McMaster University

McMaster University

Faculty of
Health Sciences

Global health field project bridges different worlds

By Suzanne Morrison
Published: June 21, 2011
Reginal Akrong in India teaching local families how to properly use bed nets to combat malaria
Reginal Akrong, a student in McMaster's new Master of Science Global Health program, spent time in India recently as part of an eight-day field project undertaken with non-governmental organizations and institutions in the country. Part of Akrong's work was to teach local families how to properly use bed nets to combat malaria.

In 40° C heat, Reginald Akrong stood on a construction site in Manipal, India teaching 50 workers about the dangers of malaria and how to prevent it.

The construction workers, who live in towns of self-made huts constructed of scrap blocks, were never told how they acquired malaria, its treatment or the value of insecticidal bed nets.

Akrong, who holds degrees in nursing and life sciences from McMaster University, is a student in McMaster's new Master of Science in Global Health program. He was in India at Manipal University for a two-week symposium, Bridging Different Worlds, with students from Maastricht University, a partner with McMaster in the global health program.

His hands-on health teaching at the construction site was part of an eight-day field project that students undertook with non-governmental organizations and institutions. It was their first opportunity to link what they had learned academically with real-life experiences. It finished by teaching local families how to properly use bed nets.

"Throughout the year, I've been learning a lot but being able to improve someone's life, and make changes, meant a lot to me," Akrong said.

Field work projects varied widely — from the study of substance abuse among fishermen to work in orphanages. During a one-day conference, students shared ideas and experiences from the field in poster and verbal presentations.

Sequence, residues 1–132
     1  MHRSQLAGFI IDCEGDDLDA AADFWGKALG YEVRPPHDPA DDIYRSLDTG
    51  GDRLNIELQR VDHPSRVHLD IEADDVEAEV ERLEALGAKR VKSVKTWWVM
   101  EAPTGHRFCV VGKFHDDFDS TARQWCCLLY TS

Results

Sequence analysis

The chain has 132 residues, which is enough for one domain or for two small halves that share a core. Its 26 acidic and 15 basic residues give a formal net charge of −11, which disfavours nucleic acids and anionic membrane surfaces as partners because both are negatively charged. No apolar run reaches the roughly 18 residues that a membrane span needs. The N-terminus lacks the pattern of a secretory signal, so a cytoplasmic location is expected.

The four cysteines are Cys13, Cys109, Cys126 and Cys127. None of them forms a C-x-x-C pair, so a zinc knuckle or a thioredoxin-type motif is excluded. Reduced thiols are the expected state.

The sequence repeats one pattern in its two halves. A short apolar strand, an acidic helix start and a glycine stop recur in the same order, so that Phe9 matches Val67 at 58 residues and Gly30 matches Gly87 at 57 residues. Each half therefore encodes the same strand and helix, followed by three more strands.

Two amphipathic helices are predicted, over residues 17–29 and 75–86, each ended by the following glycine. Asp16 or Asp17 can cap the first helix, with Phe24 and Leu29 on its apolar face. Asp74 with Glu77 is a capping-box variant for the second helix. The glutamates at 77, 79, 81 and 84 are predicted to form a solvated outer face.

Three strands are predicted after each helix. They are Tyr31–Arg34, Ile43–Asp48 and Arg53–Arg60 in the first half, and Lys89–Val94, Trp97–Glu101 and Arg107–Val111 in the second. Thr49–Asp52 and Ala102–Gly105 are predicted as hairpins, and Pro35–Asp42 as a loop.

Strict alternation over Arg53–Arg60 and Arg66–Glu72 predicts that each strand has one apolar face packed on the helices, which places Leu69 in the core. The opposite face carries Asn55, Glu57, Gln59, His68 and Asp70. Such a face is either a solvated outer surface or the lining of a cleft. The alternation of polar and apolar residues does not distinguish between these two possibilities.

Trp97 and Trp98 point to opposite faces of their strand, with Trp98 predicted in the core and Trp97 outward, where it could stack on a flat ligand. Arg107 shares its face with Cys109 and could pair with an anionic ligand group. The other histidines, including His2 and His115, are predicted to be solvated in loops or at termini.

In the first two terms, students undertook projects through learning pods, getting to know each other and working in virtual teams over the internet using online collaboration technology. The chance to meet classmates face-to-face in India was a bonus for students.

"In India, you had the chance to interact with people who had, until then, only been voices in your ear," said Jeff Dickert, an occupational therapist who has done previous volunteer work in developing countries.

After India, some students took placements in other countries while writing their thesis or scholarly paper for the global health program.

Catherine Paquin, who holds a social science honours degree in international development and globalization, is spending some time in Nairobi working with Kenya Red Cross. She calls India "one of the great experiences in my life."

"It made me realize that your way is not always the right way and that cultural sensitivity and compromise are essential in working globally," she said. "And I loved being able to present my scholarly proposal and hear and receive feedback."

"Trying to work with colleagues from very, very different universities and very, very different countries was a nice, hands-on experience," said Marly Isen, who holds a degree in international development studies and biology from the University of Toronto. Students said the trip to India opened their eyes to the reality health care is not a single issue but incorporates politics, funding, history and culture.

"It was really rewarding to see how the students evolved during their time at Manipal. There were tough moments for some students but looking back they are happy to have had the opportunity," said Sue Barclay who organized the symposium with colleagues from Maastricht and Manipal.

Andrea Baumann, associate vice-president, Global Health, said "Global health is a small but growing field so there is no doubt students will benefit now and in the future from this collaboration."

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